ObjectivesFirst, to assess the psychometric properties of key questions included in a public sector evaluation of primary dental care in Brazil; and second, to evaluate the performance of dental teams in relation to these items.
MethodsSecondary analysis of a national primary care dataset monitoring quality and access to dental care. Data were collected through face-to-face interviews with representatives of dental teams participating in the 'National Programme for Improving Access and Quality of Primary Care'. Twenty-three mandatory questions about the dentists' reported delivery of dental procedures were included in the analysis. Item Response Theory (IRT) modelling was applied to measure the psychometric properties of the instrument-level of difficulty and discrimination parameter of each item-and then to estimate dental team performance scores based on these parameters. Based on IRT, possible scores ranged from -4 to +4.
ResultsThree of the 23 mandatory items were removed due to poor internal consistency, resulting in a scale of 20 items for assessing dental team performance. The results showed variation in procedures delivered by the dental teams; whilst more than a half of the procedures were executed by at least 80% of the dental teams, those relating to dentures (partial/total) and frenectomy (lingual/labial) were performed by less than 30%. Amongst the 20 items included in the model, those related to partial/total dentures and oral cancer follow-up presented higher levels of difficulty and were less frequently provided. The items relating to the treatment of deciduous teeth and access to the dental pulp of permanent teeth had the highest discrimination parameters and, consequently, greater weight in the performance's score estimation; therefore, dental teams that did not perform these items had the lowest performance scores. In the present study, dental team performance scores ranged from -3.66 to +1.87 with a mean/median of -0.06/+0.01.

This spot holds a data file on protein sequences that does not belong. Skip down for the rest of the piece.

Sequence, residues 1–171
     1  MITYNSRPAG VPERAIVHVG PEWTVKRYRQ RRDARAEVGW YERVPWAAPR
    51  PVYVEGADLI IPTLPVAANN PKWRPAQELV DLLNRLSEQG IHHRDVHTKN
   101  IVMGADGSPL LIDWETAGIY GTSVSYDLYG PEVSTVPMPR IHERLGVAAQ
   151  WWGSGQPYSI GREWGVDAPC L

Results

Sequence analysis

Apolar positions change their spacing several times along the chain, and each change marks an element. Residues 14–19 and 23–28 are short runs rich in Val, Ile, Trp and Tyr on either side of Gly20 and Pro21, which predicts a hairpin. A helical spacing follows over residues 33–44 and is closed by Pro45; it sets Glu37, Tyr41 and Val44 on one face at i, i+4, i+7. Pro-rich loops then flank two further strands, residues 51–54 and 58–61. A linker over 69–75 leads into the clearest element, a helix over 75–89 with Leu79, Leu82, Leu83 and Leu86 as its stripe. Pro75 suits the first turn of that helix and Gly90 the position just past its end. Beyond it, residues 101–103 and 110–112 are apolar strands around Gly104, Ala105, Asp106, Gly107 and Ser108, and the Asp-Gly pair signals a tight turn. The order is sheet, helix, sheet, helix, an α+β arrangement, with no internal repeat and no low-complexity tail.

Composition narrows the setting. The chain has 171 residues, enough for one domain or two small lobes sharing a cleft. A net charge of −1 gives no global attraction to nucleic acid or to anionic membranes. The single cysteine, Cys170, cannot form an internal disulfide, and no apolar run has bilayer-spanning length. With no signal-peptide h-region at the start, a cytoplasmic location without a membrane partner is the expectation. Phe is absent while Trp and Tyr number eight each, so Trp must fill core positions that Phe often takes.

ConclusionThe findings suggest that whilst the items within the instrument demonstrated some potential to discriminate between poor and very poor teams, they were ineffective in discriminating between poor and good teams. Whilst Brazilian dental teams perform many mandatory procedures, variation in the nature of their delivery of care requires further investigation to enhance service provision to the population.
SUBMITTER: Mendes SR